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Posted on Aug 4, 2014 | 0 comments

Learning the Meaning of Transience

Enjoying an evening with friends.

Enjoying an evening with friends.

Even though Dan and I have moved a lot in the last few years, our trip down the ICW was the first time that we moved our whole “house” with us. It was surreal to climb down onto a different dock and find ourselves in a place that we didn’t know. New neighborhood, new dock-mates, new stores and restaurants to find. We knew coming into cruising that moving frequently was going to become part of our lives, but I’m not sure that we really had understood what that would mean until this move.

Our friend Bill invited us to go fishing with him on many occasions.

Our friend Bill invited us to go fishing with him on many occasions.

The part that I think was the most surprising to us was how sad we where at leaving our old neighbors in Lantana. Though it was a realtively small marina, the community there was very tight-knit. You could find live-aboards enjoying drinks together on each other’s boats almost any night of the week in addition to group gatherings at the marina clubhouse many weekends. Invitations to go out on the water together were common place and always made for a good time.

The ladies of the marina were in love with Carter.

The ladies of the marina were in love with Carter.

We had always read that the cruising life made for fast friends and faster goodbyes, but I think we underestimated what that meant. We’ve quickly learned that everyone has a story to tell and when you share such a large part of your lives in common, the friendships that form defy traditional time lines. The only consolation to leaving so soon is the knowledge that in mobile community of so few individuals, we’re likely to run into our friends again in the future. We look forward to meeting new friends and reuniting with old ones in the future, but also know that leaving will always be a little bitter sweet.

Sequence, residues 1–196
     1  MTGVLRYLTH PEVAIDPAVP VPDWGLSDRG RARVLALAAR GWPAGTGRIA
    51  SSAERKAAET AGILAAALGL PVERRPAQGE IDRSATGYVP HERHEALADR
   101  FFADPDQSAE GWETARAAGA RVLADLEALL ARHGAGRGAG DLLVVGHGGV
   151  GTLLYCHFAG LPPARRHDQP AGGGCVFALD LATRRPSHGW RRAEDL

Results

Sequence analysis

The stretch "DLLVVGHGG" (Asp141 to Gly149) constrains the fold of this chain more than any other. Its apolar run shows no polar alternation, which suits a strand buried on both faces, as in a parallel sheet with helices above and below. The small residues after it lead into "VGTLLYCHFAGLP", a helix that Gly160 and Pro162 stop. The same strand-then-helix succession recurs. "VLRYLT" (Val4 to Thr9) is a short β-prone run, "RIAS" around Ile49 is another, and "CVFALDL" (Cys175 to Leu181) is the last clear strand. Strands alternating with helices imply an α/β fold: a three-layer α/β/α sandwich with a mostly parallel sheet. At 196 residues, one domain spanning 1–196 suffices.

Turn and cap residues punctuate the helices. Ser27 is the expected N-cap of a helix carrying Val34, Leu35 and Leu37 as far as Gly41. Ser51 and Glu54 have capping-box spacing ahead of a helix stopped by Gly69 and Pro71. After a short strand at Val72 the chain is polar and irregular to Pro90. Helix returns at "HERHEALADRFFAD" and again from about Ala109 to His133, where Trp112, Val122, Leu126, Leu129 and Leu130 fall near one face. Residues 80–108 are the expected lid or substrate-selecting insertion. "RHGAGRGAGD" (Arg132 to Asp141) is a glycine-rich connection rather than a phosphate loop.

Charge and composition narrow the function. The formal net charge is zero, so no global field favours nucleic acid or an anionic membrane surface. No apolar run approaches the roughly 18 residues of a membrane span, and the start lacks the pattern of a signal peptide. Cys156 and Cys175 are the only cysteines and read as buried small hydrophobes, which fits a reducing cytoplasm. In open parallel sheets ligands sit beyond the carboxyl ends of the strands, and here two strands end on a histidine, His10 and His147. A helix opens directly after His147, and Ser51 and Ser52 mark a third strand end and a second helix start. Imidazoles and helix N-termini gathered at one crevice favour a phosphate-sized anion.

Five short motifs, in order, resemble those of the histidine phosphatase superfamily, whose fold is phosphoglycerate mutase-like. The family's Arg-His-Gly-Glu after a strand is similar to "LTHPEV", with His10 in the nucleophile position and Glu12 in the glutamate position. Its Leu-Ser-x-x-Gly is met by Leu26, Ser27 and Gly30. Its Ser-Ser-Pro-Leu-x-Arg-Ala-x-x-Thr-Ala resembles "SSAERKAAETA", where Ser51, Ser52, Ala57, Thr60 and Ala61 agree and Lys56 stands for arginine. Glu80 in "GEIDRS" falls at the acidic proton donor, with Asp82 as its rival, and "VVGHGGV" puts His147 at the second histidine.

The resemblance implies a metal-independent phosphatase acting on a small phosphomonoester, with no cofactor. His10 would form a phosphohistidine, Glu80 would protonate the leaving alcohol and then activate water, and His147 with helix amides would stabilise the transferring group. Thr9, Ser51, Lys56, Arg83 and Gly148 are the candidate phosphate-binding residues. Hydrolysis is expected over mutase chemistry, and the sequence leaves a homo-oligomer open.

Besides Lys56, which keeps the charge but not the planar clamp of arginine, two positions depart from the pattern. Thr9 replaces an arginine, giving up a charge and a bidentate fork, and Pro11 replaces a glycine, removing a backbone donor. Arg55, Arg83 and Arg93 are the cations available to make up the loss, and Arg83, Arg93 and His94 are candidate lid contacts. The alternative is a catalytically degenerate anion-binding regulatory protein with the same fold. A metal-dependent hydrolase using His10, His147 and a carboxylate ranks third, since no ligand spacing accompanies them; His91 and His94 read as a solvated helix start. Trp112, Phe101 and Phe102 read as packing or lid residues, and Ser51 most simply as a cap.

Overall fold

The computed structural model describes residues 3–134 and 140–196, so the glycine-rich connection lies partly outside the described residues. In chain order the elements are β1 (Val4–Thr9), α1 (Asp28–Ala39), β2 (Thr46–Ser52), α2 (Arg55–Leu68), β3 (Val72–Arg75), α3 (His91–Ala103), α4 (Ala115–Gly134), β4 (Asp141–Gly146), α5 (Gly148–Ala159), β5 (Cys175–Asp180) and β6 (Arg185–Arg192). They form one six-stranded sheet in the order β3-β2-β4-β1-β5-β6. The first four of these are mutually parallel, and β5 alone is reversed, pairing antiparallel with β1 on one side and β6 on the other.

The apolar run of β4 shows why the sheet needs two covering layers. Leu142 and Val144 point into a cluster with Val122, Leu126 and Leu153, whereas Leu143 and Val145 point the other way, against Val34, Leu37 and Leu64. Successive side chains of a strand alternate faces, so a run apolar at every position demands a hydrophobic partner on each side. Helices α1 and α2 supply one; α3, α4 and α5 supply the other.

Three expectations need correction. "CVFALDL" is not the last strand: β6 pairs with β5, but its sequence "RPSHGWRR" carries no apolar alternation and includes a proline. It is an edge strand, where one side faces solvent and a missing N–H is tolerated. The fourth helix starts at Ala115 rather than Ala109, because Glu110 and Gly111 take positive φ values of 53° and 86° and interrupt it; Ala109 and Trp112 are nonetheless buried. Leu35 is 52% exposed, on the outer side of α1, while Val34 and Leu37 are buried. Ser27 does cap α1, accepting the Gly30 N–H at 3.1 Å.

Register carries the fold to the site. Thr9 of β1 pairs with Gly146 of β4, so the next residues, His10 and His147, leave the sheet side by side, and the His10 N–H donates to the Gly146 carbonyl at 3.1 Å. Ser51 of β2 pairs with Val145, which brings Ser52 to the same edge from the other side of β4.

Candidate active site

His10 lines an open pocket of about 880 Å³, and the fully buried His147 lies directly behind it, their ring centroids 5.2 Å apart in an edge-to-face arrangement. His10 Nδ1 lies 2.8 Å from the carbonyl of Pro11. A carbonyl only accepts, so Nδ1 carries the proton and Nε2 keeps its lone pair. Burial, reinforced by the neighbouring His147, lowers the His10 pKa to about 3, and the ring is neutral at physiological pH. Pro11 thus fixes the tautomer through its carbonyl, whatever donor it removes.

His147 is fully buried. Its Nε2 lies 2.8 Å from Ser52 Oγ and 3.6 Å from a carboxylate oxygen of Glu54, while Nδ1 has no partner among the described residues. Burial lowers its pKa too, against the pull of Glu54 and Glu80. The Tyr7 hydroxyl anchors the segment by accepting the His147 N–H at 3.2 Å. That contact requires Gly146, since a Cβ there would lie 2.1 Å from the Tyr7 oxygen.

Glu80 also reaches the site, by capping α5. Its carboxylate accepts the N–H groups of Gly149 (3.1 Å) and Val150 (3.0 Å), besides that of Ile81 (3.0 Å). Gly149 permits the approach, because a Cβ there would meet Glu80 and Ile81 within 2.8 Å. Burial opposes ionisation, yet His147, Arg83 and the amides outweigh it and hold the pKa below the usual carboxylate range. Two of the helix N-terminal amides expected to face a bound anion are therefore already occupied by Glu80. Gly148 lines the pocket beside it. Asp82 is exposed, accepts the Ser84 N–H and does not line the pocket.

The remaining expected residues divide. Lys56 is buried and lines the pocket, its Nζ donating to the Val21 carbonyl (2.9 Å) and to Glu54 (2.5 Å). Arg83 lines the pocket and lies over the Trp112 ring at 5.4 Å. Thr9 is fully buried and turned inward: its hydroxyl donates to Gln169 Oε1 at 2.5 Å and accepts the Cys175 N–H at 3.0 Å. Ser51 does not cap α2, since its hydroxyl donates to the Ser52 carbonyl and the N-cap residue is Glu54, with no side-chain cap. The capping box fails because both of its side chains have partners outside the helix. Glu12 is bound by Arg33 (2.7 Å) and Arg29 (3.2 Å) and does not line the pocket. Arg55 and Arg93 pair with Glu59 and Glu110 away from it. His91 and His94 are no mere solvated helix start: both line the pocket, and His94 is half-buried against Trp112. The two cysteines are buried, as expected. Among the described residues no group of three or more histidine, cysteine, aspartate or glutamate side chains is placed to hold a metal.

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Posted on May 11, 2014 | 2 comments

Our First Week Aboard

Our two cars and trailer in the driveway

Ready to head out on Saturday morning.

Dan, Carter, and I have now officially survived our first week as liveaboards. After 20 grueling hours in the car (plus a nice day-long pit stop in LaGrange, Georgia with Dan’s brother Kyle), we were ready to get onto the boat and start making it our home. Easier said than done we soon realized. In Peoria, we loaded a 5×8 cargo trailer plus our two vehicles with all of our stuff and once we started unpacking quickly figured out that not everything was going to fit on the boat. (This is the point where Dan can say I told you so!) About 60% of what we brought is currently on the boat with us, 20% is still in our cars and trailer, and 20% is now in the Indiantown dump.

Carter standing in front of Horizon

In the heat, we are in a constant struggle with Carter to keep his clothes on!

Indiantown Marina is a great place to store a boat over hurricane season and we met quite a few people preparing their boats for summer storage. It is not, however, a place where we would want to live on any extended basis, as there are almost no amenities in town and the nearest area of interest is a significant drive. Not to mention the friendly neighborhood alligator that liked to hang around our boat waiting for our dogs, cat, or toddler to fall in the water. As you might imagine, we were ready to move on as soon as possible since Dan’s job officially starts on Monday.

Loggerhead Marina

This is where we will be staying once we get our boat moved

To help break up the monotony of unpacking, each day we made sure to get off the boat and enjoy ourselves. Carter had been asking to go to the beach since he first found out we were moving to Florida, so we spent one evening touring our future marina home and heading over to the beach and dinner. The marina is part of the Loggerhead family of marinas that are up and down the east coast of Florida and we have been very impressed with their friendliness and beautiful facilities. Because the same group owns multiple marinas we will be able to stay at the Stuart marina for free on our way to our home base. Here are our top impressions of living aboard after our first week:

  • Organization will be very important for our sanity. We have a lot of storage on this boat compared to others we’ve seen, but it’s still a major adjustment for us.
  • Even after only a few days, going on land makes us all sway a little. After the first night on-board, as we got off the boat Carter stopped and started turning his head in a circle saying “Whoa! Everything is moving Mommy!”